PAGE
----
Southport mourns the loss of Laurie Hardman, cherished owner of historic Broadhursts Bookshop

The North West's oldest bookshop has lost its beloved owner, Laurie Hardman, who "touched the lives of book-lovers in Southport and far beyond".

Laurie began his journey at Broadhursts Bookshop in 1969. The shop is a local gem, operating from the same building since 1920 when it was opened by Charles Broadhurst after his return from World War One.

In 1987, following Charles' death, Laurie took ownership of the cherished establishment, the ECHO reports. Broadhursts Bookshop announced Laurie's passing on Twitter/X, paying tribute to "our proprietor, boss, and friend" who was the "heart and soul of Broadhursts for many years, and will be much missed in the months and years to come".


The post read: "Many a child passing through our doors gazed up in amazement at his 6'7" height (as did a fair few adults!) - and his dexterity in wrapping a brown paper parcel to perfection never failed to draw admiring glances from those who love brown paper packages tied up with string.

"The times when favourite authors and even celebrities passing through the doors, for book signings or just as customers, were always exciting - never more so than when we hosted the wonderful Sir Terry Pratchett for a signing in 2008 (an author much loved by Laurie)."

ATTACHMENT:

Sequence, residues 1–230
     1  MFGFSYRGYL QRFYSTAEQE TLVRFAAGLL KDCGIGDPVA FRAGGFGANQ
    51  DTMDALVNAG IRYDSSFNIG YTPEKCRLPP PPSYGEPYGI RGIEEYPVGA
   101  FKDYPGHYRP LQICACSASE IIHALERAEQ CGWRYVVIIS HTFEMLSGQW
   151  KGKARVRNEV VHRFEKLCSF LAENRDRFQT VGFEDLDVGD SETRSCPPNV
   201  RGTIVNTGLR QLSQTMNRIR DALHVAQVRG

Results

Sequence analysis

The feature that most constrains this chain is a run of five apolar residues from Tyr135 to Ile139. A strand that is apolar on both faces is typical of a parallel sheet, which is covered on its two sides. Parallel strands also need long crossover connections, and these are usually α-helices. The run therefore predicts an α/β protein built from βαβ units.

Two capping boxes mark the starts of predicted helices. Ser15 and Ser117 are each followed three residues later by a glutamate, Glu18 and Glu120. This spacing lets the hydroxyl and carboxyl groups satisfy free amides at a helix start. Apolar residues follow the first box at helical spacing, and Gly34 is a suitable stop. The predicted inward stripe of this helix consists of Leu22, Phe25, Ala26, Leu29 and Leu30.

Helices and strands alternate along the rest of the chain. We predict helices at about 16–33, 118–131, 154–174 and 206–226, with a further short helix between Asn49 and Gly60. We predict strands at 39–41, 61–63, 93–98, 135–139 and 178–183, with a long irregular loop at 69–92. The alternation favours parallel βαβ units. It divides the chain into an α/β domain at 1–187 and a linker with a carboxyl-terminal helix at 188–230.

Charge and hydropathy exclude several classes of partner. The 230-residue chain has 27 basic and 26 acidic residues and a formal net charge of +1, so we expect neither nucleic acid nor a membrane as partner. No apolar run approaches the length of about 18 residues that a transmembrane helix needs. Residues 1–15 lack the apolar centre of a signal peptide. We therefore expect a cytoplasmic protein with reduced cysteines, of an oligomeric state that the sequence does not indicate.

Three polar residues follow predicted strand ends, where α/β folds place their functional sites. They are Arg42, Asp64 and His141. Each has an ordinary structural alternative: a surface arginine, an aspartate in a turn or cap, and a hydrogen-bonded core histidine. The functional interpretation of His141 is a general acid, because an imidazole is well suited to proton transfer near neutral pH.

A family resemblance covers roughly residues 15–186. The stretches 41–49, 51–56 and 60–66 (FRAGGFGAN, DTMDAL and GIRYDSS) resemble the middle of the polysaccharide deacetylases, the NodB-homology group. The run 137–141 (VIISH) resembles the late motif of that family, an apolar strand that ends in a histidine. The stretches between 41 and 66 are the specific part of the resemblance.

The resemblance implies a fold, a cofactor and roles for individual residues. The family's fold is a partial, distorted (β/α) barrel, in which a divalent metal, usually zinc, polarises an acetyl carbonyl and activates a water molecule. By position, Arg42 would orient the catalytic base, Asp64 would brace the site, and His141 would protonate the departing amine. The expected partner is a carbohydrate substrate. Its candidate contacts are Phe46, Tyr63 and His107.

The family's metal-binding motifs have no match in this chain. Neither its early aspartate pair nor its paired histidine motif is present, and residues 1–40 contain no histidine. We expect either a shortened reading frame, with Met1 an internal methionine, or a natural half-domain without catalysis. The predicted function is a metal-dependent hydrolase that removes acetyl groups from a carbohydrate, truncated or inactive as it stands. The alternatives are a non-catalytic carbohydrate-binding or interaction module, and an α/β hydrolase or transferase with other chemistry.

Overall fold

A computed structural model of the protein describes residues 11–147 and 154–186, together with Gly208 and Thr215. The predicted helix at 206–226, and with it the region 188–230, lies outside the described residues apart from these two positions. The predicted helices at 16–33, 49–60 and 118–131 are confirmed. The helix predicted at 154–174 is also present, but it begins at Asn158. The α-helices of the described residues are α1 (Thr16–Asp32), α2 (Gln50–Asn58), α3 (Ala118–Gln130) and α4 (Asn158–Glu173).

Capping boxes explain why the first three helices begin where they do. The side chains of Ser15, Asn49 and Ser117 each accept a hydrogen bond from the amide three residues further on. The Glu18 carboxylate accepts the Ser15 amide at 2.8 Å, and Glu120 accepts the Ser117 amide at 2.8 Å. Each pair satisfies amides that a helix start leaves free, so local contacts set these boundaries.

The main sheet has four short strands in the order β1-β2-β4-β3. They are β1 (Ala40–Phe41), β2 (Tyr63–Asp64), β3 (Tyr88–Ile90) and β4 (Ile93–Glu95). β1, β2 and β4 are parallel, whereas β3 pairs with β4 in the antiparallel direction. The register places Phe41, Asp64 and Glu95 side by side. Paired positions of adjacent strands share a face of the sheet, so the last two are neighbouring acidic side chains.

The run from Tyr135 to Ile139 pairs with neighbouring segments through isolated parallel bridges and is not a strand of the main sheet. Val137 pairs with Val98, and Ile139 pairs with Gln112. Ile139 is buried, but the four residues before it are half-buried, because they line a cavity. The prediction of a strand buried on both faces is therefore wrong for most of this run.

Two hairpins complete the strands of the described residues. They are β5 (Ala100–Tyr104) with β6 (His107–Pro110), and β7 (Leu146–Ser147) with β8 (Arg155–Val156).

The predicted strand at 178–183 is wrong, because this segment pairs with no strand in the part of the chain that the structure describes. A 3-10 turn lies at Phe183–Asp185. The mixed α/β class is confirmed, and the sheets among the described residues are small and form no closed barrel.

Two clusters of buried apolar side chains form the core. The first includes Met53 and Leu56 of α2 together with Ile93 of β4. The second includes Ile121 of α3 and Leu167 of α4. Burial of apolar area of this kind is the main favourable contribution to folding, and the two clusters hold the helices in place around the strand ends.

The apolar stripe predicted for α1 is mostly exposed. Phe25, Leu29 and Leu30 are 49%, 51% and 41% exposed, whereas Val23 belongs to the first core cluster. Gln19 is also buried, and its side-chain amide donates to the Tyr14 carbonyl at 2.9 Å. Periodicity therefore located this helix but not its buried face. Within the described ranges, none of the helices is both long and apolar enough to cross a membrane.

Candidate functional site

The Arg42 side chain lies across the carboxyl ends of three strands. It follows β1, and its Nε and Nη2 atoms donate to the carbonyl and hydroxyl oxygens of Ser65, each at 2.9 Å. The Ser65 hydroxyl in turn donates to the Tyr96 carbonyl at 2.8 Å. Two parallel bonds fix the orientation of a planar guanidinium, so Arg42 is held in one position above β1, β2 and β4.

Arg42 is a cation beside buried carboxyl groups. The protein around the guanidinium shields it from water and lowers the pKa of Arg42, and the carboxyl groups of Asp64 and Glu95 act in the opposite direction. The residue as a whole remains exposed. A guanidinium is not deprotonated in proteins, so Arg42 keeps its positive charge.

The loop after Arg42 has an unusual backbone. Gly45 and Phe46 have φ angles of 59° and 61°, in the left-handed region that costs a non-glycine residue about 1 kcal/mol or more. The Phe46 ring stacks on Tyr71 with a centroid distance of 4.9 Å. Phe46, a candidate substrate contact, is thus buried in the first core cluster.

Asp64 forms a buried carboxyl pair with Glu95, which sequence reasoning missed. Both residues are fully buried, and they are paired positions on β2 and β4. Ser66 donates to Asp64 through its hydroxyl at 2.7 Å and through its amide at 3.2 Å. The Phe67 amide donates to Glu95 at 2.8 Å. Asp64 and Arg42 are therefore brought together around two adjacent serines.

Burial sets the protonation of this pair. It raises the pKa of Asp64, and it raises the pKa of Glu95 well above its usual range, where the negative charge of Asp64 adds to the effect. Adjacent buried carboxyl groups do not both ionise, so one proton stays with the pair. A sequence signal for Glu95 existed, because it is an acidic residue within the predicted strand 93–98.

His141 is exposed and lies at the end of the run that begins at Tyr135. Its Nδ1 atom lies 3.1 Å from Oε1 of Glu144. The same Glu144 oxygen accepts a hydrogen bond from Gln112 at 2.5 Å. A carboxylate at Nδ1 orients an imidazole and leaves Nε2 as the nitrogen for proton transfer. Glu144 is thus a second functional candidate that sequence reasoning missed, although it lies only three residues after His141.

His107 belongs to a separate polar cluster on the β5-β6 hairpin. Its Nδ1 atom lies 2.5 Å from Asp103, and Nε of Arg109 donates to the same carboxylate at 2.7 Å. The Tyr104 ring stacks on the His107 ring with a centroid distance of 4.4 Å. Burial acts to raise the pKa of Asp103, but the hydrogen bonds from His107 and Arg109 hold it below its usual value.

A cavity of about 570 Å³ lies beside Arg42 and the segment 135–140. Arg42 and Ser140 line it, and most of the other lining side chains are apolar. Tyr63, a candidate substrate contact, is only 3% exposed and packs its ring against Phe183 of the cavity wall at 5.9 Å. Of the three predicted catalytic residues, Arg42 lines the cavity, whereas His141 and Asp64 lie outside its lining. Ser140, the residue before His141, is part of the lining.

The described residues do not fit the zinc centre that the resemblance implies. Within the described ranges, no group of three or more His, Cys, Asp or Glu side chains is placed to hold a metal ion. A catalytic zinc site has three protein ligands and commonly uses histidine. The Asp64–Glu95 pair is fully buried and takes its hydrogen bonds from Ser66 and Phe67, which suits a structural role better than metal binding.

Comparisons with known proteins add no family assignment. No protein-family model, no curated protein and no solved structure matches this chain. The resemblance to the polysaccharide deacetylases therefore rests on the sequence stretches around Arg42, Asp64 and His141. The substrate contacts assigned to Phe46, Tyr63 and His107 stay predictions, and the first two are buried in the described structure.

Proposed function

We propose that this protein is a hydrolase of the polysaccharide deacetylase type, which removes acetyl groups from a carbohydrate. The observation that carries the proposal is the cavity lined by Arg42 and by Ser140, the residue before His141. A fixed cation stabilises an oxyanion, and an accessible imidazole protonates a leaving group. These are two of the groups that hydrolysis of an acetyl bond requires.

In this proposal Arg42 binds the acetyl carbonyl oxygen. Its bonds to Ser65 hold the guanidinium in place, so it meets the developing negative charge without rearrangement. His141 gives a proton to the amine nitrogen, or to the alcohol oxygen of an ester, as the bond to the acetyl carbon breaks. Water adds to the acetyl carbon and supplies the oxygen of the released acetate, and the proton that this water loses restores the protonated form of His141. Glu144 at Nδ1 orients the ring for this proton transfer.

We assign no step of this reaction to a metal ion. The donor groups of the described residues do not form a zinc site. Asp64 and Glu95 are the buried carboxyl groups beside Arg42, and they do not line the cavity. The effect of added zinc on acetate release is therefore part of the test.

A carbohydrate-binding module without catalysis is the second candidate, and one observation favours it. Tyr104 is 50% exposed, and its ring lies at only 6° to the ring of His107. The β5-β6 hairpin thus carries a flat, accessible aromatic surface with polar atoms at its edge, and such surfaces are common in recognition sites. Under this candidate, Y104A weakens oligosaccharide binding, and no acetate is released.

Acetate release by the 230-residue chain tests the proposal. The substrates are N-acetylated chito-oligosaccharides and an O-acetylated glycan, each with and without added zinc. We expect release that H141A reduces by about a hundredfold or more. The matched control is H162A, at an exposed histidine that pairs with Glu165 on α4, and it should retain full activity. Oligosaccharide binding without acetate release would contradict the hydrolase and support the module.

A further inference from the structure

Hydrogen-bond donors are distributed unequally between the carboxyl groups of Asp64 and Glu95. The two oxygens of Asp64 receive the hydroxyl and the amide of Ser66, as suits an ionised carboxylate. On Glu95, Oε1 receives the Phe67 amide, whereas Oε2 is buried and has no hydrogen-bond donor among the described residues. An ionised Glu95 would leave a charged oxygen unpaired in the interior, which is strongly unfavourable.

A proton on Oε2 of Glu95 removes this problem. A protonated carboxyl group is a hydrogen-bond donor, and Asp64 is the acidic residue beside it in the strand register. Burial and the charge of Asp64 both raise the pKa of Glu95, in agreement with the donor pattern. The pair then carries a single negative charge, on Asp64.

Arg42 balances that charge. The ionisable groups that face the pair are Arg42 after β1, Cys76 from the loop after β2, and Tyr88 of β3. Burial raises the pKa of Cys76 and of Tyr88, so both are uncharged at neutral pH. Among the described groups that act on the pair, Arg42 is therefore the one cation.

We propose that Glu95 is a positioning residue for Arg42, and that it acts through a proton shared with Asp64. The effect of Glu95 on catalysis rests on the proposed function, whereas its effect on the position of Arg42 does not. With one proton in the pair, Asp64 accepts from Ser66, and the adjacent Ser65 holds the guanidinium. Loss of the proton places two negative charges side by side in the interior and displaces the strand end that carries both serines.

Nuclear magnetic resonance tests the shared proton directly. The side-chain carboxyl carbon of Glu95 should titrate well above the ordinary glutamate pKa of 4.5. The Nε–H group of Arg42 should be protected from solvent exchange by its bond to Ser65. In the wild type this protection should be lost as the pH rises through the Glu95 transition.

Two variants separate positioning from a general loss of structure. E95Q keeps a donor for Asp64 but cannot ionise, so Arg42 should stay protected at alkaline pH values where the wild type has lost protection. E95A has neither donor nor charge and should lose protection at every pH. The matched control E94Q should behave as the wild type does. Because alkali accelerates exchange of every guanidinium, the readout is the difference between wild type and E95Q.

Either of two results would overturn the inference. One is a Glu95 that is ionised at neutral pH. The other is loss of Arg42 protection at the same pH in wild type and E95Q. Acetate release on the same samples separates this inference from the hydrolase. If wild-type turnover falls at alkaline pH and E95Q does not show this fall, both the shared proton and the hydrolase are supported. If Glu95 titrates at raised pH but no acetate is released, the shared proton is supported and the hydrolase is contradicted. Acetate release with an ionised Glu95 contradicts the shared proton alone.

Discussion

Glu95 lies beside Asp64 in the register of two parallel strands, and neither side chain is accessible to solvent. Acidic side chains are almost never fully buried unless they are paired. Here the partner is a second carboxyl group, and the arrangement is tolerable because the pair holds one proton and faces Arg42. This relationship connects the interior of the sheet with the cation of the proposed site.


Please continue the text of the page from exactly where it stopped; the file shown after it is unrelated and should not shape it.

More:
"For us booksellers, he was a boss who was always entertaining, often generous, and taught us so much about the world of bookselling. He was a man who loved books to his very core, and both recognised and valued that in others (even when you loved books or authors he disliked!)"

"Broadhursts will never be quite the same without Laurie, and we will miss him very much. But we will continue on his literary legacy in the bookshop as best we can - there may be new faces sitting in his chair, but the bookselling spirit he taught us will go on. RIP Laurie."

In a 2022 interview with the ECHO, Laurie fondly described the unique charm of the bookstore, stating: "It's a unique experience coming into the place. It's not just any old bookshop, and that is increasingly what people are looking for.

"You can't go anywhere else and find a shop like this. We have customers who came in as children by their parents and they have brought their children in and they have brought their children in so we get generations coming in who remember the building.

"So we have a continuity that customers enjoy. A place like this must build up over time but it has to grow organically."

He added: "The world changes very quickly these days. Ferris Bueller said 'life moves pretty fast. If you don't stop and look around once in a while, you could miss it."

Past and present customers were saddened to hear about Laurie's death. Writing on Twitter/X, one said: "Devastated to hear this - I only pop in every couple of months as I now live down south, I have known and corresponded with Laurie for over 40 years and we always had a lovely catch up. I was one of those children who grew to know him as a good friend. Sending love to all.""

Another said: "I'm so very sorry to hear this sad news. I have known this wonderful bookshop for many decades and hope it will remain the same for many more to come. Deepest sympathy and condolences to all who loved him."

Another added: "That's incredibly sad to hear, my sincerest condolences to you all, it was always a great pleasure chatting with Laurie, a gentleman bookseller, he'll be greatly missed."